Home / Articles / Learn to Write Script-Based Syntax in ColdFusion 8: It's Easier Than It Sounds

Learn to Write Script-Based Syntax in ColdFusion 8: It's Easier Than It Sounds

  • Sample Chapter is provided courtesy of Adobe Press.
  • Date: Mar 28, 2008.

Chapter Description

The world's leading ColdFusion experts show you how to use script-based syntax to make writing code just a little easer in ColdFusion 8.

What Is <cfscript>?

ColdFusion scripting allows you to write portions of your templates with script-based syntax, which is often more concise and straightforward than ColdFusion’s traditional tag-based syntax. While you can’t do everything with <cfscript> that you currently do with tag-based syntax, as you will later see, you may find that writing substantial portions of your code using scripting syntax is more natural for you.

Scripting syntax is very similar to JavaScript syntax with a couple of exceptions that we’ll discuss soon. Listing 44.1 is an example of a tag-based index loop and its <cfscript> counterpart. Try running Listing 44.1 by alternately commenting-out the tag-based version and the <cfscript> version, and you’ll see that each version does the same thing.

Listing 44.1. ScriptingExample.cfm—An Example of ColdFusion Scripting

<!--- Author: Charlie Arehart -- carehart.org --->
<!--- Find cookies other than CFID/CFTOKEN --->
<cfparam name="test" default="1">

<!--- Tag-based structure loop --->
<cfloop collection="#cookie#" item="cname">
   <cfif cname neq "cfid" and cname neq "cftoken">
         #cname# <br>


// Script-based structure loop
for (cname in cookie) {
   if (cname != "cfid" && cname != "cftoken"){
      writeoutput(cname & "<br>");

For many, the scripted loop is more readable and intuitive than the tag-based loop. It uses familiar constructs from other script-based languages (such as // for comments, != for “not equal,” && for “and,” semicolons to end each statement, bracketed loop and if blocks, and not a single pound-sign needed). While this sort of syntax may be foreign to long-time ColdFusion developers, it’s found in many other languages and so makes some developers more comfortable.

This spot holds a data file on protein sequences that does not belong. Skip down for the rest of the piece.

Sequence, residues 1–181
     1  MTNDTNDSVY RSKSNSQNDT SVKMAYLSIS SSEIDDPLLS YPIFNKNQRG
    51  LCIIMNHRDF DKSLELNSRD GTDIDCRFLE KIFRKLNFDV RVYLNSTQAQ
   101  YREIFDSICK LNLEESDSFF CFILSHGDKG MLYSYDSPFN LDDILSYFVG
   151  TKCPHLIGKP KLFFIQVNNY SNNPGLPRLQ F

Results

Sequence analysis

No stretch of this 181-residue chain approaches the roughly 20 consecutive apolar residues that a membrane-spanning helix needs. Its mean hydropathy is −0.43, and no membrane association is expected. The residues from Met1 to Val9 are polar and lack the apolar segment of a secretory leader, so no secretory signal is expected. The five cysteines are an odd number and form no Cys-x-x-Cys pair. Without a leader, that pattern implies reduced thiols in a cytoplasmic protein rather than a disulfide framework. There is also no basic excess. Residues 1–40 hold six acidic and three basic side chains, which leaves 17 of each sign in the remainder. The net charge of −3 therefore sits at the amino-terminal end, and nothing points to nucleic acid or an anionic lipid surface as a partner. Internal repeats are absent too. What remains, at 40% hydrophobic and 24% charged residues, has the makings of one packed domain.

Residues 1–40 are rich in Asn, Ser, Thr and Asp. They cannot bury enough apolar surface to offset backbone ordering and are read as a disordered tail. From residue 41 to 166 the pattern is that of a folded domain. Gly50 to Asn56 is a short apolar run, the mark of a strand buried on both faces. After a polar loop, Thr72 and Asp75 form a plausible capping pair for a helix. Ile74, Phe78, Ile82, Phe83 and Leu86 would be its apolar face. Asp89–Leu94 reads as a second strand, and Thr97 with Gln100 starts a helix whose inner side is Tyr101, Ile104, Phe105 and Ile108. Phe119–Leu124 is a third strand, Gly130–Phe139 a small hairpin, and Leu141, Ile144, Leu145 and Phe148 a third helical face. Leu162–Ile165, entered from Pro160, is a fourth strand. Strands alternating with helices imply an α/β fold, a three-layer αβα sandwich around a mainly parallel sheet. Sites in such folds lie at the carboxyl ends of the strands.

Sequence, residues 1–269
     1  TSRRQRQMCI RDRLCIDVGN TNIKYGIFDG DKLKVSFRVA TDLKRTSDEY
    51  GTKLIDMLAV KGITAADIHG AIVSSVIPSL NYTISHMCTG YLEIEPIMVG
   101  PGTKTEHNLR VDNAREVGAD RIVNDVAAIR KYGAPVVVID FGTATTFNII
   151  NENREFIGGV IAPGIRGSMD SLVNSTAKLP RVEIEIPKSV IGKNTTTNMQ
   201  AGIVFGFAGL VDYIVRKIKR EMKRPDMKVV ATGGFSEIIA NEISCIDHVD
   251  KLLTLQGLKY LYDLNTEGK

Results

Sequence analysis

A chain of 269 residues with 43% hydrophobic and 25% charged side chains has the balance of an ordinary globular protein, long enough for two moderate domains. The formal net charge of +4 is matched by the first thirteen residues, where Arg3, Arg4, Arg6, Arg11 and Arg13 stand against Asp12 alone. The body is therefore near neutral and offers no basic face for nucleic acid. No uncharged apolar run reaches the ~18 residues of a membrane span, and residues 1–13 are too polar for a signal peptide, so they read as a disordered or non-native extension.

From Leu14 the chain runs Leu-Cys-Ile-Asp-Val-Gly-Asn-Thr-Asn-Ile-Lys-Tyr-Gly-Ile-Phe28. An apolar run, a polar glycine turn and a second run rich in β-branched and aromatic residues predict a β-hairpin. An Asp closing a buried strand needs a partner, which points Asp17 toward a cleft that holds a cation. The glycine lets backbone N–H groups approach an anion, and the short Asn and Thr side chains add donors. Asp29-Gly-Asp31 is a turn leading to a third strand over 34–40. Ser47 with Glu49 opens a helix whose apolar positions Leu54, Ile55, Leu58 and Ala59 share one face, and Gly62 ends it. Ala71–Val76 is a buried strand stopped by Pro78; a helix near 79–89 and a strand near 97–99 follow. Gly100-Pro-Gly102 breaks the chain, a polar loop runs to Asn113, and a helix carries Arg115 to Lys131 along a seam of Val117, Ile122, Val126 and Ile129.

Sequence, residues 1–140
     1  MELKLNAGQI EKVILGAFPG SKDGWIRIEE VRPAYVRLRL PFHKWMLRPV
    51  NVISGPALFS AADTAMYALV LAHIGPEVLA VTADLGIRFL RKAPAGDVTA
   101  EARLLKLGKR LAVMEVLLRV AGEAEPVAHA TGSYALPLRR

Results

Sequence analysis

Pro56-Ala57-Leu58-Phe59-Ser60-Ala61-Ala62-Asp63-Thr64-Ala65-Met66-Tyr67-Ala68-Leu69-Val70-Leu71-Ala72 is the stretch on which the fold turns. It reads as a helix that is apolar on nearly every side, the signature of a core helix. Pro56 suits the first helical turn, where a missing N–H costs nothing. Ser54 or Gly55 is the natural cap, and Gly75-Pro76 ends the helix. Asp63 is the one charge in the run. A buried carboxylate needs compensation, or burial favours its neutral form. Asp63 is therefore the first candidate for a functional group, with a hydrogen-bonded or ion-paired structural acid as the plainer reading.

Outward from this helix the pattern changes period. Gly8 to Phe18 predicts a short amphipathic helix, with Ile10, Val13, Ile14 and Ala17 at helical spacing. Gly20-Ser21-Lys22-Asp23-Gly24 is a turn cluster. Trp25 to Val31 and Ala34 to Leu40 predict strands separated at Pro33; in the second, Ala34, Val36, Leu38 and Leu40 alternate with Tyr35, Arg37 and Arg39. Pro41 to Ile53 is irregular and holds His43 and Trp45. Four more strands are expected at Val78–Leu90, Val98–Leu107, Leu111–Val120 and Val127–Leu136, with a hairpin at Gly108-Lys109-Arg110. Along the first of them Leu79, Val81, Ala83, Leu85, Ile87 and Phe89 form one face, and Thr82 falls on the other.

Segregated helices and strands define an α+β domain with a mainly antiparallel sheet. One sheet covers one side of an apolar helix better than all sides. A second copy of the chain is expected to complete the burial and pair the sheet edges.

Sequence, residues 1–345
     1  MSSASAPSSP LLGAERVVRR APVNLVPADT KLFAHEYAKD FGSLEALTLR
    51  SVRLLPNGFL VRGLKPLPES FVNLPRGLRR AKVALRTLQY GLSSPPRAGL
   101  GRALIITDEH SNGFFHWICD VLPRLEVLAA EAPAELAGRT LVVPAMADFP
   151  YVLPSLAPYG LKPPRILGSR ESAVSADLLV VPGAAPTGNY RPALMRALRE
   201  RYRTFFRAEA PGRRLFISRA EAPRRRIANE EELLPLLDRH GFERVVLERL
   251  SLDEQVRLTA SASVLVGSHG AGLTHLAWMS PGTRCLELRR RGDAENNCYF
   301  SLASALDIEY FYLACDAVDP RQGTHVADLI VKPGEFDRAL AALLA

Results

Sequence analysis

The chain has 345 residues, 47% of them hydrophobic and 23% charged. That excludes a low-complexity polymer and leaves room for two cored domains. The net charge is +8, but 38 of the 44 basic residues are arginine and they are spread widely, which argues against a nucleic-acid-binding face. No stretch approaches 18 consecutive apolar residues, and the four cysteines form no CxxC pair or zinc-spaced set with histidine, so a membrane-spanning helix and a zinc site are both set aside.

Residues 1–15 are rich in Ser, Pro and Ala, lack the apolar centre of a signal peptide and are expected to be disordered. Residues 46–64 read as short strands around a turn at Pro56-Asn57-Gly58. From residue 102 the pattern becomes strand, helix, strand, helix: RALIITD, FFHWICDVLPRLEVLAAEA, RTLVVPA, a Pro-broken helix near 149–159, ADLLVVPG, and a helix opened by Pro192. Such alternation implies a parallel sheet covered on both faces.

Even so, scripting may also appeal to traditional CFML developers, at least in some circumstances. Often, a block of code will simply look cleaner if replaced with a script-based equivalent (a good example is a long list of <cfset> tags.) Similarly, ColdFusion 8’s new implicit array and structure creation tags, though not unique to CFSCRIPT, do add to the improved experience of creating cleaner, more concise CFML code. (Implicit array and structure creation is discussed in Chapter 8, “The Basics of CFML,” in Adobe ColdFusion 8 Web Application Construction Kit, Volume 1: Getting Started.)

As you’ll learn while you read this chapter, ColdFusion scripting has various differences (some advantages and disadvantages) compared to tag-based CFML.

What You Can and Cannot Do with <cfscript>

<cfscript> is a useful alternative to tag-based CFML, but you can’t just replace all your tag-based CFML with scripting because there are things you can do with tags that you can’t do with scripting. For example, scripting can only contain variable assignments, flow-control logic, exception handling, and function calls. You can’t directly query a database, read a file from disk, or perform any other task that requires the use of CFML tags.

The following section explains the differences between <cfscript> and tag-based syntax. In each section, the <cfscript> example is shown first, followed by the tag-based version.